I am in the middle of another project but I really wanted to keep my one post a week schedule going, so I thought I would give you all a glimpse at an older project of mine. Before I dove into the world of Orks and 40k, I tested the war game waters with Warmachine. Along with my first miniature painting work, this period also saw my first efforts at a terrain project. Since Warmachine tends to only need a handful of dice, I decided to incorporate a dice tower into its construction.
The basic build consisted of a poster tube and parts from a Bachmann Trains O scale water tower kit. Detail elements and the dice tower internals came from plasticard and parts from my bits bin. The final element of any good terrain piece is the base and I built this one before I had really started playing with HDF board. As a result, it is just two layers of corkboard with a piece of plasticard sandwiched between them for structural integrity. This was also necessary to create a watertight seal for another special feature I wanted to try.
Inside the water trough/dice catch, I decided to try out water effects for the first time. I went with Woodland Scenics Realistic Water because the reviews pointed towards it creating a very durable surface. I found it to be an easy to use product; you lay down thin 1/8 inch layers of clear resin and give each one roughly 24 hours to cure. I painted the base a light blue to start with and then put down thin streaks of blue ink between layers to give the water a sense of depth and motion.
Once I was ready to start the actual painting process, I started with a variety of basic browns and metallics from P3 paints. This was also the first project on which I experimented with Citadel’s technical line. In particular, I used Ryza Rust, Typhus Corrosion, and Nihilakh Oxide all too excellent effect in giving the tower a weathered and worn look. I was especially proud of the oxidized effect on the bronze roof.
There was a lot of experimentation involved on this project and I learned a lot from it. Never be afraid to try new techniques.
I’ve finished some Catachans, this was a troop project so I didn’t do a lot of detail on them, in fact I seldom paint them the same way twice. They look decent but I do these just to relax and because they’re more impressive for their numbers not for the detail.
Since finishing these I’ve been assembling some Blood Angel Assault Terminators, these are beautiful models and I’ll take some time to do a high quality paint job on them. I’ve also assembled some Genestealers from the Space Hulk boxed set, these guys will get my standard Genestealer paint job, nothing exceptional but looks good.
Space Hulk Genestealers and Blood Angel Assault Terminators
The votes were close on the painting competition, but with the community’s help we have finally broken the tie. Our winner is the Death Company with its fantastic blacks.
The prize for this competition is some Sci-Fi molds for Hirst Arts, specifically molds #301 and #270.
These molds are featured in Hirst Arts’ Startship Basic Interiors set. With just these two molds you can already create some very interesting scenes.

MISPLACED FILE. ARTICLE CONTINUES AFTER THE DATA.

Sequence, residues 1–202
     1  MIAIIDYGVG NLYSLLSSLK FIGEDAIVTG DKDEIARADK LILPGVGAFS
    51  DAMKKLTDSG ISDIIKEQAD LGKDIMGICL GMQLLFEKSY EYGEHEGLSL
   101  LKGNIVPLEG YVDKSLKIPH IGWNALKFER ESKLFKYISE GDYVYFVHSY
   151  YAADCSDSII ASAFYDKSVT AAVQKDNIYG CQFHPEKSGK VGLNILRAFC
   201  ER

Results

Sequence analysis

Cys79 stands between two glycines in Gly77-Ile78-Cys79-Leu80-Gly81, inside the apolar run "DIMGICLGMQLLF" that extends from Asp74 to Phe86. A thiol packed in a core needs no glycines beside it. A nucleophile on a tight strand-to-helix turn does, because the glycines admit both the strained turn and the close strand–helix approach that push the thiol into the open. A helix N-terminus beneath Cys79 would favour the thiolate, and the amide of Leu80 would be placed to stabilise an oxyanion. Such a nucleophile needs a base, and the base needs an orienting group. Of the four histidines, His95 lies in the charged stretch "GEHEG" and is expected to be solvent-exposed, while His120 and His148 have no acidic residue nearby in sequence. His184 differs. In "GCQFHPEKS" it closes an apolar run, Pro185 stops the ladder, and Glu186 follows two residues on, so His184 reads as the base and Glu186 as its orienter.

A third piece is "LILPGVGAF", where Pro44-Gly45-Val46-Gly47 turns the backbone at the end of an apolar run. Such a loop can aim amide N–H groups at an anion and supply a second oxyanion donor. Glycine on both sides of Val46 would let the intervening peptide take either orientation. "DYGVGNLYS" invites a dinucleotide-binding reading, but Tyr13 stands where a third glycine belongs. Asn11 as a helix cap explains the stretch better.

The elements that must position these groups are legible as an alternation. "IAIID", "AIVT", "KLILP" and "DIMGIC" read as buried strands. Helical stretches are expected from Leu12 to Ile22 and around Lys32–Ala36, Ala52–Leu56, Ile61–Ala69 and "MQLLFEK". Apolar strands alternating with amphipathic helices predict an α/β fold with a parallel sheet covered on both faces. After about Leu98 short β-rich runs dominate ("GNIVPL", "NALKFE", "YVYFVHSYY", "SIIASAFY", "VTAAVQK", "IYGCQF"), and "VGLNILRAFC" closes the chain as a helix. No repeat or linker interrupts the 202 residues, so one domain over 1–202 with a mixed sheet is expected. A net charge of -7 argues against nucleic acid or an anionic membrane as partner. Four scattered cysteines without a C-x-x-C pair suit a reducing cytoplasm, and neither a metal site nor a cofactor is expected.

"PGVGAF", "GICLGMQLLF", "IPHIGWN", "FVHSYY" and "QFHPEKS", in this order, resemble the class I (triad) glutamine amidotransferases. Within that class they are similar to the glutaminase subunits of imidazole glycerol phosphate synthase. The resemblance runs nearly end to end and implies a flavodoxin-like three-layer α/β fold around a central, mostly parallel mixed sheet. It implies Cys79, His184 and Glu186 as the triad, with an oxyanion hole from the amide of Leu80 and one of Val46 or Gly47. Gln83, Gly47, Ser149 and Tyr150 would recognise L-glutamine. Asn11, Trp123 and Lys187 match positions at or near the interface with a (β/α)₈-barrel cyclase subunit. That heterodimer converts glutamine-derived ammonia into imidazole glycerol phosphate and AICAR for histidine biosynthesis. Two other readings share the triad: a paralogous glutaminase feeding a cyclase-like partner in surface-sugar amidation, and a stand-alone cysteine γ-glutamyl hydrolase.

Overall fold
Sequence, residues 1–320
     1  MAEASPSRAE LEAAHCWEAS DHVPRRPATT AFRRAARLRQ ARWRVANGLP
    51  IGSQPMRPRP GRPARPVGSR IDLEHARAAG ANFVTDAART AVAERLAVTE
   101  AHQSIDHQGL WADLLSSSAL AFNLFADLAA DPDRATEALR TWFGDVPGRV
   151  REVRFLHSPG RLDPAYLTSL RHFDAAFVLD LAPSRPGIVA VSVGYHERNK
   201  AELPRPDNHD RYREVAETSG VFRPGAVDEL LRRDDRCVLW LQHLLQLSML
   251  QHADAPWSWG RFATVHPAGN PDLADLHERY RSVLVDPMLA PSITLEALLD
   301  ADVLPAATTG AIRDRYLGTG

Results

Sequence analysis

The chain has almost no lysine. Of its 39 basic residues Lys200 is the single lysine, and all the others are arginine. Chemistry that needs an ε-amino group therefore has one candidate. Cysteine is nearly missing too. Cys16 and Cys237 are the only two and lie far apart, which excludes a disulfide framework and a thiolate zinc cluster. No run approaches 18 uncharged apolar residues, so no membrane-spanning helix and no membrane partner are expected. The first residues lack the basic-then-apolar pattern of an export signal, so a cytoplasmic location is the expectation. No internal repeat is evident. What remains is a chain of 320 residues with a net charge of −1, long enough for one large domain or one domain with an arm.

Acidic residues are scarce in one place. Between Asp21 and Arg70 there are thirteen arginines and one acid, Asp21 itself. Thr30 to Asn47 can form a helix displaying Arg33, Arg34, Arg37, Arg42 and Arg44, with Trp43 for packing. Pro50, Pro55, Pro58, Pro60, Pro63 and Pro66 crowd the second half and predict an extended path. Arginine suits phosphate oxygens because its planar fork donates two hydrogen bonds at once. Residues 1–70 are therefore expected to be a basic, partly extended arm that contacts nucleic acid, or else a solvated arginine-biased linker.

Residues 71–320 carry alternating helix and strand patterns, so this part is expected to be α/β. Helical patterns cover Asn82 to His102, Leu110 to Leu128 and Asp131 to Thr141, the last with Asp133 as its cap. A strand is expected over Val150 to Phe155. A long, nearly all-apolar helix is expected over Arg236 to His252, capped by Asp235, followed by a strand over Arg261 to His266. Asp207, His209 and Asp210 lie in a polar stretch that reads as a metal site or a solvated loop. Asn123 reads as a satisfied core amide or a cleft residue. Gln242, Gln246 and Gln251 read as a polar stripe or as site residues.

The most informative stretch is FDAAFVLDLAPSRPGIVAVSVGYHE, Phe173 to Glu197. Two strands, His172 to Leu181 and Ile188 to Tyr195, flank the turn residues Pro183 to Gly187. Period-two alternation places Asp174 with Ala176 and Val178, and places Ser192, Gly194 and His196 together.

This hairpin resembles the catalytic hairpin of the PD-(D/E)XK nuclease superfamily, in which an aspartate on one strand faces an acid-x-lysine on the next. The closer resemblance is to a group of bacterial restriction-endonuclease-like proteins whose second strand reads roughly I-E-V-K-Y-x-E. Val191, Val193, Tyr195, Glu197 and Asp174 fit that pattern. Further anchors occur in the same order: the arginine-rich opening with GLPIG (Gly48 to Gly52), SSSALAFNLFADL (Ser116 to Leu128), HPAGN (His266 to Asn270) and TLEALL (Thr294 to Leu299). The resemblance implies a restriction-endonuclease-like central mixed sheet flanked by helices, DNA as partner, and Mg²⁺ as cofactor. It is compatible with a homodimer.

Copyright Hirst Arts
Previous post: Five man unit painting competition
I recently picked up the Pegasus Hobbies Syberclicks modular terrain kit to use in a project. It’s an interesting kit designed to allow you to build a variety scifi style buildings using snap together construction. Theoretically, that should result in a versatile set of parts that you can quickly build terrain with, and change the designs anytime you like. In practice, it does not work quite as well as advertised.
The set consists of six identical sprues of molded metallic grey plastic. The set consists of a variety of steel panels, grates, ladders, hatches, and some gothic windows. Everything is laid out so all the parts can be clipped and assembled with minimal cleanup. There are very few mold lines and the parts all have excellent details. Everything feels solid and looks great on the sprue.
After seeing this post about painting and depression I had some comments about how I frequently paint when I’m frustrated or angry because it forces me to focus. This works because I keep multiple projects going so I’ve got a project I can work on regardless of mood. All the projects I tackle fit into one of three categories, a detail project, a troop project and a large project.
The detail project is a single model where I’m trying to paint to my top level. This usually requires substantial focus, a steady hand and time to dedicate to it. Examples are my Death Company and Blood Angels Captain. My current detail project is a squad of Assault Terminators.
The Troop project is for lack of a better word an easy project. These are units that I try to paint well but I’m not overly focused on. These are models that are more impressive for the number of them instead of standing out individually. The great part of these units is that I can’t paint them in any mood, minor stray marks and individual details and highlights aren’t as important. Examples are my Astra Militarum/Imperial Guard troops, or my Genestealers. Currently I’m working on some Catachan Veteran Troops.
My last type of project is a large project, these can be terrain pieces, monstrous creatures or vehicles. These I tackle at different levels of detail but the common thread is that any given step can take a substantial amount of time due to the scale. Examples of these are my Baneblade, the Sanctum Imperialis, and the Dreadnought. I haven’t decided on my next large project yet, I just finished the Baneblade but I’ll come up with something soon.
The other part of my 3 project method is I try and do something every night. Some nights I’ll paint a whole model or weather a large model. Other nights all I get done is painting a boot on a troop. The truth is I don’t know how much I’ll get done any given night until I try. Sometimes I think I won’t get much done and find I start painting and get quite a bit done. Other nights I just get a little bit done. The nice thing about getting a little bit done is if you get a little bit done every night, you find you finish a project anyways.
The Neutral-Evil authors recently held a painting competition for a five man unit. Take a minute to help us determine the winner! Vote Here
Chaos Space Marines
The Baneblade is finished! The differences are subtle from the last update, the lenses and lights are all finished, soot was added to the gun barrels and the exhaust and mud and dirt was added to the tracks and the bottom of the tank.
This tank is my entry into a competition that’ll wrap up with a poll posted in the Warhammer 40k Google + community! We still have until August 3rd before the competition is over so stay tuned to this blog for the other entries!
For those who’d like to see the previous posts on this, they’re linked below, I’ll eventually put together a slideshow of the process as well including colors used and post that to youtube.
Thank you for following along!